For the past 15 years, nursing has been ranked as the most trusted profession, and nurses as professionals who uphold the highest ethical standards out of a wide range of professions.
Providing compassionate care can be a challenge for nursing staff when their rostering systems are opaque and complex, requiring extra paperwork that removes them from their patients. Automated rostering solutions are just one example of how healthcare organisations can help them better manage and optimise patient safety and care.
Managing to achieve a work/life balance is a hard ask for nurses working rotating shifts spread out over a 24-hour period.
And as many nurses are juggling busy work and family lives, getting the roster right is a high stakes game for any roster manager.
“No one is ever happy with their roster,” Melissa Drew says with a laugh.
A registered nurse since 2003, Ms Drew was seconded to the role of Clinical Operations Support in the Neonatal Intensive Care unit at The Royal Women’s Hospital in Melbourne.
Since 2013 she helped to roll out the electronic rostering solutions across the unit, and has been maintaining staff profiles from 2016.
Working with staff throughout the staggered transition from manual to automated rostering, Ms Drew has seen subtle but positive changes in staff satisfaction levels since the solution was introduced.
The real-time updates have helped staff manage their time more efficiently by giving them easy access to transparent up-to-date roster information.
“In the old days we’d load up Excel spreadsheets onto the intranet. But these rosters wouldn’t be live or up to date,” she says.
“Giving nurses access to the technology to view and amend their rosters as needed has given them far greater control over their work/life balance.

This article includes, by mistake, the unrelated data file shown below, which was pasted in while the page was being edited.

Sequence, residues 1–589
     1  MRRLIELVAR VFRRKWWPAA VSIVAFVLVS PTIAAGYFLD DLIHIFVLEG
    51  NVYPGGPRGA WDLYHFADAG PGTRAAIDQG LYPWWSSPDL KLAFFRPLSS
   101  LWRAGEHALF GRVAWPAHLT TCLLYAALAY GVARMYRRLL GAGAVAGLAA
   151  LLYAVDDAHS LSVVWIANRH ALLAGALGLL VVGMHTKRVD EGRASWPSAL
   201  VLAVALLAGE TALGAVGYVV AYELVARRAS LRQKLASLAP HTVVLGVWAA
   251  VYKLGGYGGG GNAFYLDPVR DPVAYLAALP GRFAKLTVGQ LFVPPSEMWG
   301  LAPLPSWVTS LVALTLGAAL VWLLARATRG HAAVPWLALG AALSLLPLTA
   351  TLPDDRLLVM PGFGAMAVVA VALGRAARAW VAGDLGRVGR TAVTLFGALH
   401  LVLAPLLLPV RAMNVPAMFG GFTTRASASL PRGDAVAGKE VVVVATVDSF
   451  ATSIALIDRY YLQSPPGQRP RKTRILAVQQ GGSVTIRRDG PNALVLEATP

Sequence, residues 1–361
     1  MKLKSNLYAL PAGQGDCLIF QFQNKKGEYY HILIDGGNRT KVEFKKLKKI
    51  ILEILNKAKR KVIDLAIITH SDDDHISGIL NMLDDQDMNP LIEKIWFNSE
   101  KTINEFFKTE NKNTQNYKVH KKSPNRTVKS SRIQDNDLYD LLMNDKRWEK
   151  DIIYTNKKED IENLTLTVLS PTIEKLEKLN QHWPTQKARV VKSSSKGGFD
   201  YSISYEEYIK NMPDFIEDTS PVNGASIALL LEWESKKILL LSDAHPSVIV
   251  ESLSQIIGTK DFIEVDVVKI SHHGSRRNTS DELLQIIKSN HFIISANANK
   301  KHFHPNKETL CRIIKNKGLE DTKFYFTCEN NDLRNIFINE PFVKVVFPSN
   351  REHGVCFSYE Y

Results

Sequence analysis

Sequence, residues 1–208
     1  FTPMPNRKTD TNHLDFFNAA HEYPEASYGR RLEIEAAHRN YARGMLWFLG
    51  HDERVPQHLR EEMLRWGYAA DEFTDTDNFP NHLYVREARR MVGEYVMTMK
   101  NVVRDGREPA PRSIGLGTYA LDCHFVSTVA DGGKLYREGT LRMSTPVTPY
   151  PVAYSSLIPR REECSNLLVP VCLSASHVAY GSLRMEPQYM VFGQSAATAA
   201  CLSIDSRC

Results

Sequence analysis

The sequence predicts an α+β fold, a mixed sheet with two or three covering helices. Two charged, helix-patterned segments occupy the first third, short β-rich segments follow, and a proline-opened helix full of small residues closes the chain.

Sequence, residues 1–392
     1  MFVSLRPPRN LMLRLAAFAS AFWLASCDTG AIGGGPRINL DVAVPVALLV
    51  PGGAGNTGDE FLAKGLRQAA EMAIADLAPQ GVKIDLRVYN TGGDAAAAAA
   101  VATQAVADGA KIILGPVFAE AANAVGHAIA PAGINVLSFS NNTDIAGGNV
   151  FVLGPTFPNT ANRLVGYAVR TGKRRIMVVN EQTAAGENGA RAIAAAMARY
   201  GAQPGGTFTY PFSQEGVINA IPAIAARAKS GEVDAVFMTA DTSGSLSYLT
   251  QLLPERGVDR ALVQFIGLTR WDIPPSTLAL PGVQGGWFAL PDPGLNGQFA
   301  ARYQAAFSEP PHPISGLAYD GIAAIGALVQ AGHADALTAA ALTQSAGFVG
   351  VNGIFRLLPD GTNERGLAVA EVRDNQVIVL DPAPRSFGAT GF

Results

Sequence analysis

“We want them to be anywhere at any time and able to log on to see their rosters from their phone, iPad or computer and look at updates in real time instead of having to come into the unit to do this.”
From her own perspective, Ms Drew is impressed by the live roster and the reporting functionality that allows her to review and analyse data.
“I used to have to print out roster documents and rifle through a 13 page spreadsheet to make the changes to the roster and update initial requests,” she says.
However within Allocate’s rostering solution, the shifts are colour-coded for quick and easy identification, which lowers the chance of errors.
“In Excel, there is more room for error,” Ms Drew says. “If, for example, a shift is accidentally deleted from the spreadsheet, there’s no way of tracking it.”
While staff satisfaction levels haven’t been actively monitored, Ms Drew says there are certainly “fewer complaints” since the roll-out of the system.
“Most of the time we can get something that works for staff that ensures they have a workable roster. We try to be flexible and roster the right people in the right place at the right time.”
Saturday, May 12, 2018, is International Nurses Day. While at most hospitals it will be “business as usual”, with the focus always on caring for patients and their families, it is also a special day to recognise the work of more than 350,000 nurses and midwives registered in Australia.
At the Royal Women’s Hospital Melbourne, Nursing and Midwifery awards will be presented to staff, along with other fun activities including an afternoon tea and a staff benefits stall.
To learn more about how you can help your nursing staff achieve a better work/life balance please read our case study on how e-rostering improved staff engagement at public health service in Victoria.